A focal point of this study is the discernment that it is Ligeti’s synaesthetic endowment that opens up a deeper understanding of his music, a music that requires an analogous synaesthetic perception on the part of the listener. Synaesthetic aspects will therefore be continually considered in the analysis and interpretation of the works.

It goes without saying that this study, too, would not have come off without the support of dear friends and numerous amiable colleagues. My principal thanks are owed posthumously to György Ligeti for his patience in answering my questions and his permission to inspect the drafts and particelli of his works. Dr. Louise Duchesneau stood tirelessly by me throughout the writing of the original version. She got hold of books, scores, and recordings for me and advised me on numerous questions. My colleagues Prof. Peter Petersen and professor Albrecht Schneider kindly put recordings of radio interviews at my disposal. Mr. Péter Hálasz and Ms. Edit Spielmann helped me in rendering the Hungarian texts in Ligeti’s drafts. From conversations with the composers Wolfgang von Schweinitz, Professor Manfred Stahnke and Professor Altug Ünlü I derived valuable information about Ligeti as a teacher. The Universal Edition of Vienna, B. Schott’s Sons in Mainz and the Henry Litolff / C.F. Peters Publishing House in Frankfurt let me have important music material. My gratitude goes to all of them.

The present English translation of the book differs from the original German version by some substantial additions. Dr. Vera Ligeti kindly put some hitherto unknown portraits of her husband at my disposal. My friend Professor Dr. Ernest Bernhardt-Kabisch of Indiana University once again provided a translation of uttermost scrupulosity and raised numerous questions, which we were able to clarify in our correspondence. My most cordial thanks go to him. I am also much obliged to Professor Dr. Altug Ünlü for the formatting of the volume, and to Michael Rücker and Andrea Kolb of the Peter Lang Publishing House for their generous editorial advice.

Hamburg, May 2014

Constantin Floros ← 2 | 3 →

 

image

Contacts over many years: letters of Ligeti to the author (top)
and to the editor of the Österreichische Musikzeitschrift (bottom)
← 3 | 4 →

 

image ← 4 | 5 →

1Part One:
Personality and Fundamental Aspects of the Work

← 5 | 6 →

 

image ← 6 | 7 →

 

image ← 7 | 8 →

 

image ← 8 | 9 →

1.1Biographical Sketch

“C’est la musique qui est ma seule passion.”1

“Work and workaday life somehow flow together for me.”2

“The affairs of daily life are regulated in such a way that there remains sufficient time for work.”3

“I want to be able to work more and faster. Hence the necessary changeover to ‘telegram style’ in all matters of life, so that enough time remains for composing.”4

From 1973 to 1988, György Ligeti served as professor of composition at the Music Academy in Hamburg. When he was asked whether his retirement signified a turning-point in his life, he firmly denied it, saying that his appointment in Hamburg had not seemed a caesura to him either, since he had previously taught also in Sweden and in the United States (at Stanford University). He was thus alluding to a continuity in his life, which had always centered on composing and teaching. Even so, it would be an exaggeration to say that there had been no incisive events in his life. One such event, for example, was his flight from Hungary to the West in December of 1956.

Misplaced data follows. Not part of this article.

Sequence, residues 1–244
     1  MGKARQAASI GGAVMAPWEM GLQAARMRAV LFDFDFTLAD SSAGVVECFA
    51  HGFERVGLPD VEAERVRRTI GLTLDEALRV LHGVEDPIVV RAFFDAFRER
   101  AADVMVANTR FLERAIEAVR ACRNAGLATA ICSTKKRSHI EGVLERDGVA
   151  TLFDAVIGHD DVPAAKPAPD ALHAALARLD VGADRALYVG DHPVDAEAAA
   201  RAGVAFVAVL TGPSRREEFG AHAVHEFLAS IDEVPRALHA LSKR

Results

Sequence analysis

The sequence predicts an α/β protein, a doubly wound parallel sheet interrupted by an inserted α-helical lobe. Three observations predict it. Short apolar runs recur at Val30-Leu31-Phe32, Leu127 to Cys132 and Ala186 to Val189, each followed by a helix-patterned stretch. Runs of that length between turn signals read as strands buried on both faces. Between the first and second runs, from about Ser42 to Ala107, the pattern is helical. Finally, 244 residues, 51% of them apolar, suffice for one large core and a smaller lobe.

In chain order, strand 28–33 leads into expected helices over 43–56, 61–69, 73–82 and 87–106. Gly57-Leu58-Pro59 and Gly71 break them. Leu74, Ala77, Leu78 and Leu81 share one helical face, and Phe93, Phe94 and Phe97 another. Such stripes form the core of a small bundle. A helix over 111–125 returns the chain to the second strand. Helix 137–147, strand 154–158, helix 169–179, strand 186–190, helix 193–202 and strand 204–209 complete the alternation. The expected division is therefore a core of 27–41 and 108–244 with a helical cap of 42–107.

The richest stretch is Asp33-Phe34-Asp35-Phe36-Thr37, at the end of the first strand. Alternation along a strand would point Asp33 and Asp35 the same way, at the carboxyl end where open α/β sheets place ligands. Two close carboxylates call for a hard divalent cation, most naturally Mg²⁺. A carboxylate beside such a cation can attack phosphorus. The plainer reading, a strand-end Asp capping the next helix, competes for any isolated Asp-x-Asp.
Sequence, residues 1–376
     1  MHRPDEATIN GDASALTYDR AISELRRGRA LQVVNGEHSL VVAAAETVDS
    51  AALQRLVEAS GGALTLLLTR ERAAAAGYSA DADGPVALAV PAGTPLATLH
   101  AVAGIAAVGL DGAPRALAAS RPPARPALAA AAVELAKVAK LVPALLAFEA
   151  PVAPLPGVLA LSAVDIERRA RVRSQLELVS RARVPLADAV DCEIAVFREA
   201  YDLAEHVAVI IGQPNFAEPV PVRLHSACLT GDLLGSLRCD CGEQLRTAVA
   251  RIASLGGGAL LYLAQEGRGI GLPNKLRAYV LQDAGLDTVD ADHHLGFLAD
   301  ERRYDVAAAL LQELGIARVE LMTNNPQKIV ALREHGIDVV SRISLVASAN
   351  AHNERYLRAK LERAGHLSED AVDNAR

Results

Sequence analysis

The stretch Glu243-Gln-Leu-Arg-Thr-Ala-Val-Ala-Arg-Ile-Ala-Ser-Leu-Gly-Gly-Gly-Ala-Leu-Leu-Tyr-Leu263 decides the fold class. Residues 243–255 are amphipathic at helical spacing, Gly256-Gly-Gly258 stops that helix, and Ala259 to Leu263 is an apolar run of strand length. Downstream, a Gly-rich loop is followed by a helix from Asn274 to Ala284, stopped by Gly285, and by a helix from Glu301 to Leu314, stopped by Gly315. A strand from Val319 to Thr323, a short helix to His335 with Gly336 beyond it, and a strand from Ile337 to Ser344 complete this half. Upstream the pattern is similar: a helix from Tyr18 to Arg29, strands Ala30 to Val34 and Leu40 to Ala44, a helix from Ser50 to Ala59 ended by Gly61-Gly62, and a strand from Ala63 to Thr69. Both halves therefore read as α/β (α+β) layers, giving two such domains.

The first thing one wants to learn from the biography of a creative person is how he came to be what he is. To answer this question, one has to look into an entire complex of matters such as his/her socialization, training and development, the influences to which s/he was exposed, the historical circumstances under which s/he worked and so on. In Ligeti’s case that means that one has to search for explanations of his talent, his originality, his ability to implement the musically imagined, his openness to all things of the intellect, his strong scholarly and musico-ethnological interests, etc. These aspects will therefore be at the center of the following chapters.

György Ligeti was born on May 28, 1923 as the son of Jewish Hungarians, in Dicsöszentmárton, a small Transylvanian town that was part of Romania but whose inhabitants spoke Hungarian. His parents, the bank clerk Alexander Ligeti and the ophthalmologist Ilona Somogy, were from Budapest; both were music lovers. In a conversation with Reinhard Oehlschlägel, Ligeti told that even as a small, three- or four-year old child he got in the habit of imagining music5 – a habit he retained all his life. One begins to get a sense of what these imaginings were like once one has taken a look at the master’s sketches. They synaesthetically relate a rich musical vocabulary to literary impressions, visual sensations and psychic states. ← 9 | 10 →

In 1929, shortly before the boy turned six, the family moved to Cluj, the second-largest Romanian city of between 120,000 and 150,000 inhabitants and a center of culture. Here Ligeti attended elementary school and then the Gymnasium (secondary or prep school), and here he saw his first operas, Mussorgsky’s Boris Godunov and Verdi’s La Traviata, a work that put him in a regular trance. At the age of eight, he had his first concert experiences and began to listen intensively to music on the radio – a habit he was to retain for many years. He took particular delight in comparing the transmissions from Budapest with those from Bucharest.